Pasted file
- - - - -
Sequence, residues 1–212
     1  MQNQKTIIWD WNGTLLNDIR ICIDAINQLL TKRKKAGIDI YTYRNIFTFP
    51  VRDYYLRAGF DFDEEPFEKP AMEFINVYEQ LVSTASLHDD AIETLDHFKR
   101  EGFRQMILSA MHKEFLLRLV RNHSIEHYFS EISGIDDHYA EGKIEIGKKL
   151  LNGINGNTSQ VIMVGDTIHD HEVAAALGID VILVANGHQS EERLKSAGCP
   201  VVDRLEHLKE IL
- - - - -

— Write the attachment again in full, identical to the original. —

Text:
Sequence, residues 1–212
     1  MQNQKTIIWD WNGTLLNDIR ICIDAINQLL TKRKKAGIDI YTYRNIFTFP
    51  VRDYYLRAGF DFDEEPFEKP AMEFINVYEQ LVSTASLHDD AIETLDHFKR
   101  EGFRQMILSA MHKEFLLRLV RNHSIEHYFS EISGIDDHYA EGKIEIGKKL
   151  LNGINGNTSQ VIMVGDTIHD HEVAAALGID VILVANGHQS EERLKSAGCP
   201  VVDRLEHLKE IL